Use of a Population-Based Survey to Describe the Health of Boston Public Housing Residents

Boston Public Health Commission, Boston, MA, USA.
American Journal of Public Health (Impact Factor: 4.55). 02/2008; 98(1):85-91. DOI: 10.2105/AJPH.2006.094912
Source: PubMed


We compared the health of public housing residents with other Boston residents through a random-digit-dial survey.
We used data from the Boston Behavioral Risk Factor Surveillance System collected in 2001 and 2003 to make crude and demographically adjusted comparisons between public housing residents and other city residents on measures of health status, access and utilization, and health behaviors.
Public housing residents were more likely to report fair or poor overall health status, ever-diagnosed hypertension, current asthma, ever-diagnosed diabetes, obesity, disability, loss of 6 or more teeth, and feelings of depression for 15 days or more in the past month. Public housing residents were slightly more likely than others to be without health insurance or report financial barriers to medical care. Public housing residents reported more smoking and physical inactivity, less past-month binge drinking and past-year marijuana use, and similar levels of lifetime drug use.
Public housing residents reported substantially poorer health than did other city residents across a variety of conditions but similar levels of access to and utilization of health care. Public health departments may be able to use established surveys to measure health among public housing residents.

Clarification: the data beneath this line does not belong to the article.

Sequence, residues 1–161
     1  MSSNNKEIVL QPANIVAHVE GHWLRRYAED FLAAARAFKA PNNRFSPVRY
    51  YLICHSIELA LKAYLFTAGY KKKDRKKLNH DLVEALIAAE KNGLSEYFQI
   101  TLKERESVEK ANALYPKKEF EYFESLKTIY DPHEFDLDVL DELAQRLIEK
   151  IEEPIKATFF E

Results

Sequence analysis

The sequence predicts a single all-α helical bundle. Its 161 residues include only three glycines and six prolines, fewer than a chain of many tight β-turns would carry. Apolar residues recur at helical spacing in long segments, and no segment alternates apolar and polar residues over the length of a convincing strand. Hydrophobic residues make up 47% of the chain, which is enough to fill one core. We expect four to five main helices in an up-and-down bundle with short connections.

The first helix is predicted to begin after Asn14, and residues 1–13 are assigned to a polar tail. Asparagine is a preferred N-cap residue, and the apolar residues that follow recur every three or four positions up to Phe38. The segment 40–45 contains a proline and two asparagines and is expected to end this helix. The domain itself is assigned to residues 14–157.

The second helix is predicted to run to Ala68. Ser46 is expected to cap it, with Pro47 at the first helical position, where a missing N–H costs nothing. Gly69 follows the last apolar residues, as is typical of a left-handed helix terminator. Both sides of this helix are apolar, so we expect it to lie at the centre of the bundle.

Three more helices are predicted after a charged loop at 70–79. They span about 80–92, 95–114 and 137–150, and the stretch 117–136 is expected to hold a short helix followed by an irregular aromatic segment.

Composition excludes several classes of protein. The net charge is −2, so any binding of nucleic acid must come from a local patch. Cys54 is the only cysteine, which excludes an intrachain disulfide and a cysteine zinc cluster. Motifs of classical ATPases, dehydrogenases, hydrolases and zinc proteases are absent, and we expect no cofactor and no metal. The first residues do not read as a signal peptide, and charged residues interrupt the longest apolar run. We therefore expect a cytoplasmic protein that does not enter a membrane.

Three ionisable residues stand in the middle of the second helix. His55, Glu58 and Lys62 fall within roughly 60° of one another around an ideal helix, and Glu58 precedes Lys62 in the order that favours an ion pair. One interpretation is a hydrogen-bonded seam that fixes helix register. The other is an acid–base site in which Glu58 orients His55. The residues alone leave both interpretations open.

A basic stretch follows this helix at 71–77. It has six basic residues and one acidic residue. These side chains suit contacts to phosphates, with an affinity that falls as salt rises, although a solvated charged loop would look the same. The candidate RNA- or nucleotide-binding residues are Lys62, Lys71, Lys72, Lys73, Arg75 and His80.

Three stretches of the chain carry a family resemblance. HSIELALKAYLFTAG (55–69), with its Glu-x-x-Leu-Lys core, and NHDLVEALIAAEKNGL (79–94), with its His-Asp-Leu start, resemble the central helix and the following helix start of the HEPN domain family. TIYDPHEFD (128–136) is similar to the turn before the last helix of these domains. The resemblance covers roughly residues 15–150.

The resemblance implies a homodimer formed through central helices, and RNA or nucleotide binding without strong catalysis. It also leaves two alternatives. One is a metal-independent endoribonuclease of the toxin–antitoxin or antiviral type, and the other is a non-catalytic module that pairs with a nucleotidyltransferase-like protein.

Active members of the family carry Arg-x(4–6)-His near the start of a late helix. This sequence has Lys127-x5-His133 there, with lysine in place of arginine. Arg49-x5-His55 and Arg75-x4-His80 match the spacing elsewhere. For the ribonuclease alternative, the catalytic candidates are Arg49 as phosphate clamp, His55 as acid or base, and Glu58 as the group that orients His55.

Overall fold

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    • "The prevalence of overweight/obesity in the U.S. is substantial and is considerably higher in women with lower socio-economic status compared to other women or in men [1] [2] [3]. In urban areas, individuals with low socioeconomic status living in subsidized public housing report nearly two times higher levels of obesity compared with other urban residents [4]. Diet and physical activity behaviors related to obesity are clearly important individual-level factors, but efforts to change these factors on a population-wide basis have been largely unrealized. "
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    Contemporary Clinical Trials 11/2014; 39(2). DOI:10.1016/j.cct.2014.08.005 · 1.94 Impact Factor
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    • "This is particularly true for persons living in low-income public housing, environments which are often located in distressed neighborhoods with few health promoting resources. Public housing residents report poor health status, chronic disease conditions, and poor health behaviors [23,51]. Thus it is imperative that health promotion interventions targeted and tailored to racial/ethnic minorities and low-income groups consider this constellation of risk factors in order to be effective at closing the health disparities gap. "
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